Ferdinand Alexander Porsche. 1935 to 2012.
When asked to pick a single favourite car, there are more than a few of us who’ll instantly answer ‘Porsche 911.’ Yet the rear engined sportscar, so long an icon of the company that makes it and a yardstick for all other makers of sporting machinery, wasn’t the favourite car of its creator.
Ferdinand Alexander Porsche, who has just passed away at the age of 76, was born in Stuttgart in December 1935 and pretty much instantly nicknamed ‘Butzi.’ It was a nickname he disliked, and it translates roughly as Little Buddy, but it was quite a necessary one; both his father and grandfather, the creators of the Porsche empire, were also named Ferdinand as of course is his cousin, Volkswagen boss Ferdinand Piech.
Having studied at the Ulm College of Design and apprenticed at Robert Bosch GMBh in Stuttgart, Ferdinand began working with the family firm in 1958, gravitating to the design and prototyping department.
With the successful first-generation Porsche, the 356, needing a replacement the job fell to Ferdinand to take the same sporting, rear-engined concept and update it. Longer (but narrower), more spacious and with a more powerful flat-six engine, the Type 901 was unveiled to the public at the Frankfurt motor show in September 1963. After a brief bit of legal wrangling with Peugeot over the use of an 0 in the name, the 911 was born and Porsche has never replaced it.
The fact that the 911 and its shape has remained so iconic is doubtless down to Ferdinand’s maxim that “Design must be functional and functionality must be translated into visual esthetics, without any reliance on gimmicks that have to be explained. A product that is coherent in form requires no embellishment. It is enhanced by the purity of its form.” Put simply, there is no car design that has weathered the test of time as superbly as the 911. Fifty years on, it is as perfect as ever.
Ferdinand would leave Porsche as a car maker a decade later, under something of a cloud as he and Ferdinand Piech fought over the direction of the company. So hard-fought was their feud that the rest of the family banned them both from the firm and restructured it into a public company. How ironic, then, that Piech’s mighty Volkswagen empire is now in the process of swallowing Porsche whole.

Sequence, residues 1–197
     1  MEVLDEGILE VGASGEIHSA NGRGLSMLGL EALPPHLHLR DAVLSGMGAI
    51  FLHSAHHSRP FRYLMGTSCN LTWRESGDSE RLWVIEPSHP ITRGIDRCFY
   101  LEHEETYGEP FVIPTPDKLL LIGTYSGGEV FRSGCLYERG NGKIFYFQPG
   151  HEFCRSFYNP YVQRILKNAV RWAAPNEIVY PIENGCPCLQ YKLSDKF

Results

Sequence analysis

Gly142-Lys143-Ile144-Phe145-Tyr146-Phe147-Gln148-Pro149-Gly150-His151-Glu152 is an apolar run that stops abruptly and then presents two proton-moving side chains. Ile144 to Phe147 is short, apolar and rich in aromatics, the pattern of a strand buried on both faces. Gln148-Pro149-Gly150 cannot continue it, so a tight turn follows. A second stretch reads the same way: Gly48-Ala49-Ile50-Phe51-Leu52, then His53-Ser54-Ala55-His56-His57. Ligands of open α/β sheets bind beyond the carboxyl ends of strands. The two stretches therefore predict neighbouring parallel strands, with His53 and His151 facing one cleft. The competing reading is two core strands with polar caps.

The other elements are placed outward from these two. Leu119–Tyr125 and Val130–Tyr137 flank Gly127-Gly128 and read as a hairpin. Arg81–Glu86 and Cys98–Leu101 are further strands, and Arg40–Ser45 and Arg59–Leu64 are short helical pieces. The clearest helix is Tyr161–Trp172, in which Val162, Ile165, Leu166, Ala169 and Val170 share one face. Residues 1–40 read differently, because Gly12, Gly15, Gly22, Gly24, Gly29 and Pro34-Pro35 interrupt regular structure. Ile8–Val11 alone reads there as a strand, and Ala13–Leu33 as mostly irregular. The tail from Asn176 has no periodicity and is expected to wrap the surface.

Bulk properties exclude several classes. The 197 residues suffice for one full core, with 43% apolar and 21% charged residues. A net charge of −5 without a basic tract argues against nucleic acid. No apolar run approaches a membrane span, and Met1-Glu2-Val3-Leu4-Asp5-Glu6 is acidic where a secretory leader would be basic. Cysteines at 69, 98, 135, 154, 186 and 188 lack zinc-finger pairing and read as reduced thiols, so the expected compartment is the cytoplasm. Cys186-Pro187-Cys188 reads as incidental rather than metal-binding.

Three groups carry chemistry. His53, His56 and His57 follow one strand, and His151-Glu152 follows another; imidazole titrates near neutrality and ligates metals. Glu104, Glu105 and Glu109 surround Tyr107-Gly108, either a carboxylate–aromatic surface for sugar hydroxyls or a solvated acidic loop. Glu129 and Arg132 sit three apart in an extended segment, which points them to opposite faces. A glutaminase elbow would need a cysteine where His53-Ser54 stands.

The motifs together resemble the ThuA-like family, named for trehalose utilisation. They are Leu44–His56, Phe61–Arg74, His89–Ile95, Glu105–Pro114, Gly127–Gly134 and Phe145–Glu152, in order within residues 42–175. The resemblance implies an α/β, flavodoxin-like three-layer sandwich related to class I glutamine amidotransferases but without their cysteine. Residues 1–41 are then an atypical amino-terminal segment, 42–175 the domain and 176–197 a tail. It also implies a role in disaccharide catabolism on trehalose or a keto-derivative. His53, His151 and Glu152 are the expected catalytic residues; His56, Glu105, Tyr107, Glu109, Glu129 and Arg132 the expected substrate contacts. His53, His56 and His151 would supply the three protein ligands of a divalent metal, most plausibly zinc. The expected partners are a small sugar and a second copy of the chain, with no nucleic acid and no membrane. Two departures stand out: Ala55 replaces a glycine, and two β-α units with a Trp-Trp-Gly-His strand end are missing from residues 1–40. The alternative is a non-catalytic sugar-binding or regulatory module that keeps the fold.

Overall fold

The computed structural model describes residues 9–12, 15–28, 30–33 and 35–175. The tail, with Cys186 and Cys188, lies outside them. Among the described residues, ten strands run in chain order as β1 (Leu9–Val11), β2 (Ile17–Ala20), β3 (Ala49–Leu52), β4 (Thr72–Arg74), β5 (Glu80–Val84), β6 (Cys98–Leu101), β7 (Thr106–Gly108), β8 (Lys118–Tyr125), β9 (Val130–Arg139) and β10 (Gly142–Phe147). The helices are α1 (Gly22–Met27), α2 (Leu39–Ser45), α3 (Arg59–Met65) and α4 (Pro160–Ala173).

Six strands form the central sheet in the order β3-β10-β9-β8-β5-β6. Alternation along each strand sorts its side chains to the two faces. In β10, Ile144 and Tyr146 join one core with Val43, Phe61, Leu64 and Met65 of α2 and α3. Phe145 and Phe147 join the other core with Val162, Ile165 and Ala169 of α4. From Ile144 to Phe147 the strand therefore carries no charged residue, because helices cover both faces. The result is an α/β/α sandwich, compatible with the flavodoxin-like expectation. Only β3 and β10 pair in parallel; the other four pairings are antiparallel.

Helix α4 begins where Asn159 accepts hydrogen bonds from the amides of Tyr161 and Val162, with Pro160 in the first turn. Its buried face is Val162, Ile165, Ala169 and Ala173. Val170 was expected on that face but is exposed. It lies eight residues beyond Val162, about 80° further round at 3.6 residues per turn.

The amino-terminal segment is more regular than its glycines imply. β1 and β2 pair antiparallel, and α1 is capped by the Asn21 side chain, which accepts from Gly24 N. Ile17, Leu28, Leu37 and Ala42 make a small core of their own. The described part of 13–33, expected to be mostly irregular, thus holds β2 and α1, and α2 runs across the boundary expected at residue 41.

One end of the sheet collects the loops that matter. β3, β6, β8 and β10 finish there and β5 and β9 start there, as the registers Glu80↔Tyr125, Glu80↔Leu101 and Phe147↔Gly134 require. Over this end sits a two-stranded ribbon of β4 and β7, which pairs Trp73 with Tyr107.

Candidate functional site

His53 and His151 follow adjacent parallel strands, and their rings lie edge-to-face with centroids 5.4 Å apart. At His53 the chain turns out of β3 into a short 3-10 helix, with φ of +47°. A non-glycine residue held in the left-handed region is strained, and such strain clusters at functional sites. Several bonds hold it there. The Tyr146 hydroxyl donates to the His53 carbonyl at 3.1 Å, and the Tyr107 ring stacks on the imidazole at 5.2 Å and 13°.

Leaving the car industry behind, Ferdinand established F.A. Porsche Design, which began by designing expensive watches and has since gone on to create or licence the design of everything from fridges and kitchenware to cameras, pens and sunglasses. While not all of the products can boast the design purity that Ferdinand aspired to, the aesthetic is that same crisp, clear simplicity of the early 911.
He would return to the Porsche AG car company as chairman from 1990 to 1993, and it was his tackling of the firm’s financial crisis, and his appointment of Wendelin Wiedeking as CEO, that started Porsche on its recent journey to automotive economic colossus.
But why was the evergreen 911 not the favourite of its creator? Apparently, Ferdinand felt that too many others had a hand in meddling and fiddling with his early designs and concepts for the 911, and while he is credited as the car’s father, he felt it not enough of his own work. His personal favourite was the achingly pretty 904 race car, a car that went so swiftly from sketch to construction that no-one else was able to alter it.
No-one other than Renault Alpine has ever tried to market a rear-engined 2+2 coupe, so the 911, and Ferdinand Alexander’s influence is not directly felt but rather permeated throughout the car industry. The simple, crisp desirability of the styling and engineering package is what all car makers aspire to and the fact that the 911’s performance and dynamics remain the yardstick by which others are judged prove that Ferdinand Alexander Porsche’s second favourite car is still number one with so many.
Ferdinand Alexander Porsche. 1935 – 2012. RIP.